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Mr. Kristol’s conservative credentials, it is worth noting, are impeccable. During the Reagan administration, he served as Secretary of Education William Bennett’s chief of staff. During the first Bush administration, he served as Vice President Dan Quayle’s chief of staff.

In 1993, he attracted the attention of the public when he spearheaded conservative opposition to the Clinton health care plan, a key factor in its failure to win congressional approval. In 2008, he was foreign policy advisor for Sen. John McCain’s presidential campaign.

In 1994, along with fellow conservative John Podhoretz, he founded The Weekly Standard, a conservative news magazine. For 10 years, Mr. Kristol was a regular panelist on Fox News Sunday. He has also appeared on other network programs, including ABC news.

In short, when someone with his credentials expresses doubts about the future of the Republican Party, his concerns need to be taken seriously.

Though pessimistic about the future, however, he emphatically states, “It’s worth fighting for the future of the Republican Party. We may lose that fight. We may lose it very soon, in a year or two. We may lose it in three years. We may lose it in seven years. Or we may win it.”

He adds, “From the point of view of the country . we really need to have functional parties. We can’t have either one go off the rails.” He is right about that.

Mr. Kristol has chosen to remain in the Republican Party and fight for its survival. Other prominent conservatives have cut ties. Syndicated columnist George Will changed his voter registration from “Republican” to “Unaffiliated.” Joe Scarborough, a former Republican member of Congress who co hosts MSNBC’s Morning Joe announced this past summer he was leaving the Republican Party to become an Independent.

Meanwhile, a growing number of Republican members of Congress have announced that they will not be running for re election. One political analyst observes that the governing wing of the Republican Party the moderate and conservative members of Congress willing to work for bipartisan solutions to the problems we face is nearing extinction.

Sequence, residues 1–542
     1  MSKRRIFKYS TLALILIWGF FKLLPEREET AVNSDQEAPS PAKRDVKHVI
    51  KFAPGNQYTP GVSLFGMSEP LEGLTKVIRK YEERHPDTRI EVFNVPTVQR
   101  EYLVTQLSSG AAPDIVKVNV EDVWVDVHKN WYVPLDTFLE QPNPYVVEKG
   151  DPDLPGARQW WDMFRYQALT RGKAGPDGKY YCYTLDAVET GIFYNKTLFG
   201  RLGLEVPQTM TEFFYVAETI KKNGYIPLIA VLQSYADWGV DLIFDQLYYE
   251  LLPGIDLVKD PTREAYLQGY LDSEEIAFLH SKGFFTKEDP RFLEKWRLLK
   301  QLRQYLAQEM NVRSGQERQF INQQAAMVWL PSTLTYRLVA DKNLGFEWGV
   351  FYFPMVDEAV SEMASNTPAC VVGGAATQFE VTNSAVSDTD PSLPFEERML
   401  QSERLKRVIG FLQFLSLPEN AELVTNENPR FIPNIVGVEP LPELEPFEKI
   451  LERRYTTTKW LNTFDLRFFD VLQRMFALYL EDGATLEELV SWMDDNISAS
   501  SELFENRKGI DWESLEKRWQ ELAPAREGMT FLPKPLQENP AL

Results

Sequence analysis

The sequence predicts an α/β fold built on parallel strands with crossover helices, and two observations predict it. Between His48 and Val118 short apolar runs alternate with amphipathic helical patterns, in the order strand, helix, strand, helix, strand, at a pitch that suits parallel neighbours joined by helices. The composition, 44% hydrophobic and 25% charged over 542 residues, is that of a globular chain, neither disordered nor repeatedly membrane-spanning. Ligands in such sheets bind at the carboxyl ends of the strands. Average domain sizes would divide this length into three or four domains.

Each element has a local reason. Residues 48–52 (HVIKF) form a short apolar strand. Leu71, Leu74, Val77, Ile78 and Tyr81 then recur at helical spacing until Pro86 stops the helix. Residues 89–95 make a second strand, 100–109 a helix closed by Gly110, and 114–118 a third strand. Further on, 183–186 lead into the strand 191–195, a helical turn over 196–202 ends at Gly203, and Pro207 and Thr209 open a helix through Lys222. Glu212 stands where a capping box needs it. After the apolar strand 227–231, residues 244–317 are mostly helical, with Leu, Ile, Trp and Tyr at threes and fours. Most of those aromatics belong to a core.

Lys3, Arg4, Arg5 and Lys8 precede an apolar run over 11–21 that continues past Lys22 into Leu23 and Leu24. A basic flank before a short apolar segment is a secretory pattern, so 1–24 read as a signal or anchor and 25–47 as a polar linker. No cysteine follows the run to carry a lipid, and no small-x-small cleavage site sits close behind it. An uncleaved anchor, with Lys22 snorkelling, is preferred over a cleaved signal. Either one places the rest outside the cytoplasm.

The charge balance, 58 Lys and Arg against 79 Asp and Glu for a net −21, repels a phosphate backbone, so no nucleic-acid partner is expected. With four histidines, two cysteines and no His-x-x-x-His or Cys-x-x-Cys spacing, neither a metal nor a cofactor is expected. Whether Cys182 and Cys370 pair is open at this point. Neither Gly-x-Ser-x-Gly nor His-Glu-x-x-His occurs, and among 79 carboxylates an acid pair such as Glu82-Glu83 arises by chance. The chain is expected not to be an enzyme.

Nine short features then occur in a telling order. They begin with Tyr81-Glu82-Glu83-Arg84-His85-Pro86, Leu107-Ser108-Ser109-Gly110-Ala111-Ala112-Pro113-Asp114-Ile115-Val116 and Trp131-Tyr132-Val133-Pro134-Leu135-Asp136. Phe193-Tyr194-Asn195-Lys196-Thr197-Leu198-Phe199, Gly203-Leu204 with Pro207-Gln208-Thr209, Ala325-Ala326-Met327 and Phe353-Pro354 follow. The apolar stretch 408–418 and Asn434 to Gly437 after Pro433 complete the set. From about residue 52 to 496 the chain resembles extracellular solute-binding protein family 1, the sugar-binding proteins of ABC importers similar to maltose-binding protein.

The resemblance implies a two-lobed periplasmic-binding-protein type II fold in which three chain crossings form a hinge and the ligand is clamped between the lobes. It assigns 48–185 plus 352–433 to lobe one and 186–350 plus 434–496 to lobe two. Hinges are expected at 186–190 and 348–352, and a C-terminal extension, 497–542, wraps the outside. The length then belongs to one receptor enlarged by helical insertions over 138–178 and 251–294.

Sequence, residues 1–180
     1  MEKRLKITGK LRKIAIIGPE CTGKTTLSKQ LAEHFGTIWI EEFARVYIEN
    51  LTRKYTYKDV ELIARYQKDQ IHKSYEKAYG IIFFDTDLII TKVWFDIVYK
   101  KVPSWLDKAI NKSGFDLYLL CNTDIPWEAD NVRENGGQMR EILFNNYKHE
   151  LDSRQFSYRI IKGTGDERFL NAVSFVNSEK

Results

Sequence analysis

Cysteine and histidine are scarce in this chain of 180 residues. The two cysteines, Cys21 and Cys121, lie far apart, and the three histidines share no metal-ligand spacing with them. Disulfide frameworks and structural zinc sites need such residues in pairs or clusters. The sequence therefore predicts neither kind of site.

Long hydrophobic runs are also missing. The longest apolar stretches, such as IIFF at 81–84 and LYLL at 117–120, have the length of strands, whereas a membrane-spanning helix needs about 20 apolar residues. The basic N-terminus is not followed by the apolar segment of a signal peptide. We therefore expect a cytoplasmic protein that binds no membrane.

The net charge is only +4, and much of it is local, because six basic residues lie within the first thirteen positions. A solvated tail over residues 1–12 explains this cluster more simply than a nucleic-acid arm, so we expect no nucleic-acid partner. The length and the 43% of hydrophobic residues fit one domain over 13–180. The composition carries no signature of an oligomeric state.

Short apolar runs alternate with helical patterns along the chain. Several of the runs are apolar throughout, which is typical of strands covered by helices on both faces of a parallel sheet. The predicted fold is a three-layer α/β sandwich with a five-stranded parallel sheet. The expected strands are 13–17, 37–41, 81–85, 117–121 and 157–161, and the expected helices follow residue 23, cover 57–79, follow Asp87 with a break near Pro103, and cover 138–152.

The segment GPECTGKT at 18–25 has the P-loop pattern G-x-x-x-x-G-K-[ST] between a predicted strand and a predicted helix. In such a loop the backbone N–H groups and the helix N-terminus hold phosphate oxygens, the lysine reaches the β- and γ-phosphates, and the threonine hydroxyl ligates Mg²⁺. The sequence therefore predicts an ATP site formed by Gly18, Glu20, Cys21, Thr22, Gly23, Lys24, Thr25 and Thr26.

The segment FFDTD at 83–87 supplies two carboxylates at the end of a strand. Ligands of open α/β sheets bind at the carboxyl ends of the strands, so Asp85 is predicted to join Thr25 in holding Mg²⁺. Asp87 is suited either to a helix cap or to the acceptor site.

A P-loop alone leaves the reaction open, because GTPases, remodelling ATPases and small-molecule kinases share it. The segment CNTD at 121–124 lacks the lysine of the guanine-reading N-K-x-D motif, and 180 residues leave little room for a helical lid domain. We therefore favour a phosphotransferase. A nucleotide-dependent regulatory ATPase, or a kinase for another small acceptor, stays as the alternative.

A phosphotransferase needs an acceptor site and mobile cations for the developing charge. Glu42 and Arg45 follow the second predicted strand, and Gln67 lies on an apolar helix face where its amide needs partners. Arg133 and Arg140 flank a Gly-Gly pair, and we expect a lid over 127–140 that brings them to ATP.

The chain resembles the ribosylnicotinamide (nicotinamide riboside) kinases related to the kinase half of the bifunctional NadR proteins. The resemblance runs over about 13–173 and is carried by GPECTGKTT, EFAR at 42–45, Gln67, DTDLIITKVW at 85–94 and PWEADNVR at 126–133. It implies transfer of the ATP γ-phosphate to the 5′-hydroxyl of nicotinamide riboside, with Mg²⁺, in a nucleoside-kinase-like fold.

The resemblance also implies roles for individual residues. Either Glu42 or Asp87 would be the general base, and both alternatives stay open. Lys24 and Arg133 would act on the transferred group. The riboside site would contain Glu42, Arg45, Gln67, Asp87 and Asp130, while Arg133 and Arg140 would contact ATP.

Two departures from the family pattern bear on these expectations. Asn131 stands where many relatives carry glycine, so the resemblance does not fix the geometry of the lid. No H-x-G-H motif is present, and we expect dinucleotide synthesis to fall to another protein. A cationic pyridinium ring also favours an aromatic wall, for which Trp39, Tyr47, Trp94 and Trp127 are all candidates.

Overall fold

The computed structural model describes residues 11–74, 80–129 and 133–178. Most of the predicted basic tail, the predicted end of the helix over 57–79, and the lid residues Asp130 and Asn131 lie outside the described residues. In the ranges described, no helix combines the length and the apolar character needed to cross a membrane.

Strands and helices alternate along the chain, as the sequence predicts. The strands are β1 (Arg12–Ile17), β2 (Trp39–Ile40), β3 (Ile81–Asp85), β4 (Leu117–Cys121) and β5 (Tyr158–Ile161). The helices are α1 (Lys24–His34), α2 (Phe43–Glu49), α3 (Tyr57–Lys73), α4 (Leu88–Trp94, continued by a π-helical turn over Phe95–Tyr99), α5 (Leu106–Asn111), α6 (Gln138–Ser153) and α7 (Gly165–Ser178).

While others have left the party, Mr. Kristol states, “What gives me hope is that, although everything has become more ‘tribal’ the fashionable term a fair number of Republicans did vote against Roy Moore in Alabama. And a fair number stayed home. The same thing happened in Virginia, where there were enough swing voters to teach Republicans a lesson. And I expect Republicans will get taught another lesson in November of 2018.”

Is defeat of Republican candidates what will bring Republicans to their senses? Or will it mark the beginning of a long winter of one party rule with the Republican Party being essentially irrelevant?

My hope is that Mr. Kristol is right. One party rule by an increasingly liberal Democratic Party would not be good for our political system or for our country. Yet it could happen. Such could be the legacy of the Age of Trump.

A postscript to last week’s column:

Some readers took exception to my reference to the most recent Freedom House report on freedom and democracy. As noted in my column, while the report does include criticism of the Trump administration, it states that 2017 was “12th consecutive year of decline in global freedom.” That includes, not just the first year of the Trump presidency, but all eight years of the Barack Obama’s presidency and the last three years of George W. Bush’s presidency. In short, there is blame enough for everyone.
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